Eustace Miles

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Eustace Miles
Eustace Miles.JPG
Medal record
Men's Jeu de paume
Silver medal – second place 1908 London Individual

Eustace Hamilton Miles (22 September 1868 – 20 December 1948) was a British real tennis player who competed in the 1908 Summer Olympics. He was the grandson of Sir William Miles, 1st Baronet by his son Captain William Henry Miles, J.P. (1830–1888) and Mary Frances Miles, née Charleton. He was born at Hampstead and was educated at Marlborough College and King's College, Cambridge.[1]

In 1908 he won the Olympic Silver Medal at the age of 39, after losing the final to Jay Gould II, the Bronze Medal was won by The Hon Neville Bulwer-Lytton, later 3rd Earl of Lytton. Miles had, in fact, coached the much younger Gould during his stay in America in 1900–2 when he became the first non-American winner of the US Championship in 1900. He won further the amateur raquets championship of the world in singles in 1906 and in doubles in 1902, 1904, 1905 and 1906; and of England in doubles as well as becoming amateur squash raquets champion of America in 1900. He was amateur real tennis champion of England in 1898-1903, 1905, 1906, 1909 and 1911 and amateur real tennis champion of the world in 1898-1903 and 1905.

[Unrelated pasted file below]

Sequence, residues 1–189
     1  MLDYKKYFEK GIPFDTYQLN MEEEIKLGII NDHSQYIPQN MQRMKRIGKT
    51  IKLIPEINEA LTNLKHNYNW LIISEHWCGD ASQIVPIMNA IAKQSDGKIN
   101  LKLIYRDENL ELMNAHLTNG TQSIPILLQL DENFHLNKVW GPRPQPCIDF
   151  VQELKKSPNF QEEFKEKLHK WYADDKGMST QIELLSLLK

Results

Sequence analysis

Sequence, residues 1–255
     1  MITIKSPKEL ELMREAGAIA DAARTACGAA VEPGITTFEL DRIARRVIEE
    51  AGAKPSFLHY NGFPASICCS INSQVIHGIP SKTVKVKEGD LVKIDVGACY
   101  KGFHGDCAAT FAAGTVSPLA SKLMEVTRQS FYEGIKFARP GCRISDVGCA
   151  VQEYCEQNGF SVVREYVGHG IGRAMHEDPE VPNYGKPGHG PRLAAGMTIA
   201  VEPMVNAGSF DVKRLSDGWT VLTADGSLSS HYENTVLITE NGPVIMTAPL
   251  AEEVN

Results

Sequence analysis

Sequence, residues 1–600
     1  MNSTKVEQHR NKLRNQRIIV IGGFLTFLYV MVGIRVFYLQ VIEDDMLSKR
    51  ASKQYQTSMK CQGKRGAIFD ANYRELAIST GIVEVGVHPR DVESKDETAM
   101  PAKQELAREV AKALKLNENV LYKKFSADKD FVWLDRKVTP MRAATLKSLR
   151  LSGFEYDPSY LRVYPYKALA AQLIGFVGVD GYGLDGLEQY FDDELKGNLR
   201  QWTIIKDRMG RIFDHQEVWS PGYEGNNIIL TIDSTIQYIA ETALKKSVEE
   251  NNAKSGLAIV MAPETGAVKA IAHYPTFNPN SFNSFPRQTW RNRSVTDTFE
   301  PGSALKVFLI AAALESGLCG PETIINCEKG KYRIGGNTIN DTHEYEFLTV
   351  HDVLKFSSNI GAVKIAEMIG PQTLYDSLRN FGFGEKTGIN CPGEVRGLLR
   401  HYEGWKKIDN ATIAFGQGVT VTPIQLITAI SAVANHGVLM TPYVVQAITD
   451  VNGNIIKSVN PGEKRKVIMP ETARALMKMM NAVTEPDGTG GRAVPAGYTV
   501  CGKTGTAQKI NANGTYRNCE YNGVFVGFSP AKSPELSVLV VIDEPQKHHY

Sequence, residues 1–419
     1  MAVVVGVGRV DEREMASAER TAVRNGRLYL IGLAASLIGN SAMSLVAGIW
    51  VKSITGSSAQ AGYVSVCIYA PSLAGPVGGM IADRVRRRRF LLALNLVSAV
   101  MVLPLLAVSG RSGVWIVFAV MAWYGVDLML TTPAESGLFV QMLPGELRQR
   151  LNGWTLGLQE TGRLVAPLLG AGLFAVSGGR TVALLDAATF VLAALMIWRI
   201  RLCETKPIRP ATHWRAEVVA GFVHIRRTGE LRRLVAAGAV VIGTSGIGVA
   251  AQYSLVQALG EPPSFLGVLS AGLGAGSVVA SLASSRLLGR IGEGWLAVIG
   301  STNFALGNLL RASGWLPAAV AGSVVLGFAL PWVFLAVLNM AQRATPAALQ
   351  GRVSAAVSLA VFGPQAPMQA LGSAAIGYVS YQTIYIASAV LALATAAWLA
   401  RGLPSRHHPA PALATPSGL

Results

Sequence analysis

He was a prolific author on diverse subjects including health (e.g. "Fitness for Play and Work" 1912), athletics ("An Alphabet of Athletics"), diet ("The Failures of Vegetarianism" 1902), ancient history ("A History of Rome up to 500 AD, with Essays, Maps and Aids to Memory" 1901) and Classics ("Comparative Syntax of Greek and Latin") with many of his books still available on Amazon. He married Hallie Killick, also an author, and both engaged in philanthropic works including providing free food and clothing to the poor of London, available during winter months near Cleopatra's Needle, a charitable exercise supported strongly by Queen Alexandra.

published in 1904.


  1. ^ "Miles, Eustace Hamilton (FML887EH)". A Cambridge Alumni Database. University of Cambridge. 

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